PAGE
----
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Potulny an unlikely hero in victory

It’s hard to believe Grant Potulny is only a sophomore.

After all, few players in the rich history of Minnesota hockey can match the impact of the rugged winger. In only two seasons, Potulny lifted the school’s 13-year ban on recruiting only Minnesota-born players, led the nation in power-play goals and earned assistant captain honors from his teammates.

For good measure, Potulny scored the Gophers’ first two goals in Thursday’s 3-2 win over Michigan, sending Minnesota to the NCAA championship game Saturday versus Maine.

“(The goals) felt awesome,” said Potulny, a Grand Forks, N.D., native. “All year long I’ve struggled to put the puck in the net, but tonight I got good chances and made the most of them.”

Potulny’s 33 points this season equal his first-year numbers, but his 14 goals are eight off his rookie pace. His gaudy power-play numbers are also down, from a nation-leading 16 last season to eight.

But such statistics were far from Potulny’s mind Thursday, as he opted to relish the win, which puts his team in the title game.

“No one remembers goals and assists,” he said. “What they remember is whether you played for a national champion.”

In the Frozen Four semifinal game against Michigan, Potulny’s grit and determination are reflected in the scoring column. However, teammates value Potulny’s less-visible contributions just as much. Brought in by coach Don Lucia for his size (6-foot-2, 196 pounds), age (22) and leadership, Potulny’s goals are simply gravy – and rarely a thing of beauty.

“I’m not going to skate down the rink and razzle-dazzle anyone,” Potulny said. “My role is to bang guys, dig the puck out and get it to the skilled guys.”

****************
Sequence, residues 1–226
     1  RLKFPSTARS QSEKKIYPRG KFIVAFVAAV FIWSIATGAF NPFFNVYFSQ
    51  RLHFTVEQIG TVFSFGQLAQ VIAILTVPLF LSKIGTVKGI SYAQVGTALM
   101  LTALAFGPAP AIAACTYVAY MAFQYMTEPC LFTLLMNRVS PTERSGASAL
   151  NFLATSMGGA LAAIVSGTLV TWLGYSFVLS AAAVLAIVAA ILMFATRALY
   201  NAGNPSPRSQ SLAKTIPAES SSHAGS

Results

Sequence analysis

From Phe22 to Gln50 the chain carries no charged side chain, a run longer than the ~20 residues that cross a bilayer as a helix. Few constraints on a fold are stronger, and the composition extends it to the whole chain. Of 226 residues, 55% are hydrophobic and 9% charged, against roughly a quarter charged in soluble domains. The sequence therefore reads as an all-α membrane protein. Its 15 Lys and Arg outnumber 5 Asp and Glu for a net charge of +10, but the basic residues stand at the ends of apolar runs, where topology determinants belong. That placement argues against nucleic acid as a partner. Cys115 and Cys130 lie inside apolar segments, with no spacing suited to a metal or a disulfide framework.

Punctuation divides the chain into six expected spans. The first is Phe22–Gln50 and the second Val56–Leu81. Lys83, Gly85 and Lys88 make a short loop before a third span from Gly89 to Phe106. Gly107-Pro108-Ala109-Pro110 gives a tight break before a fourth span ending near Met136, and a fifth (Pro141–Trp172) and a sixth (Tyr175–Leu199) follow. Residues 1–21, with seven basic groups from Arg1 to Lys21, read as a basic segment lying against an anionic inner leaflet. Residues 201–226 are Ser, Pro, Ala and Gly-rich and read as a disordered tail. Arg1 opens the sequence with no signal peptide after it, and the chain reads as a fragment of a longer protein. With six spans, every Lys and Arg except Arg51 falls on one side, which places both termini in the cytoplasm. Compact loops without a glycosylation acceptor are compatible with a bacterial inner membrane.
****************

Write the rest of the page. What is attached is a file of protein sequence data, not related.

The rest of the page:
Potulny’s first goal snuggly fit his profile as Minnesota’s premier garbage man. A failed Michigan clearing attempt hit the Gophers’ Jeff Taffe on the skate and stopped just outside the crease. Potulny fought off a defender, lunged toward the puck and put it past an outstretched Josh Blackburn at 4:20 of the first period.

The goal ignited a crowd of 19,234 at the Xcel Energy Center and gave the Gophers a lift.

On his second tally, Potulny roamed the goalmouth on a Minnesota power play in the second period and deflected a Jordan Leopold shot under Blackburn. The pair of goals equaled Potulny’s production in last year’s overtime loss to Maine in the NCAA tournament’s first round.

The tip-in, which accounted for many of his goals last season, drew rave reviews from former Minnesota assistant coach John Hill. Now coaching at Alaska-Anchorage, Hill praised Potulny’s work in front of the net.

“Grant is the best player in the WCHA at tipping shots past goaltenders,” Hill said. “He is exceptionally skilled at deflecting shots and stuffing rebounds.”

Now on the docket for Minnesota is Maine, the team that knocked the Gophers from the post-season one year ago. The Bears advanced to the title game after pasting New Hampshire 7-2 in Thursday’s first semifinal game.

Assistant captain Potulny must again lead his team’s charge into what should be a tight, physical hockey game. Whether he scores or not, Potulny will resume his role as the blue-collar Gopher.

“They play hard, gritty and leave it all out there,” he said.

Sounds like Grant Potulny’s kind of team.

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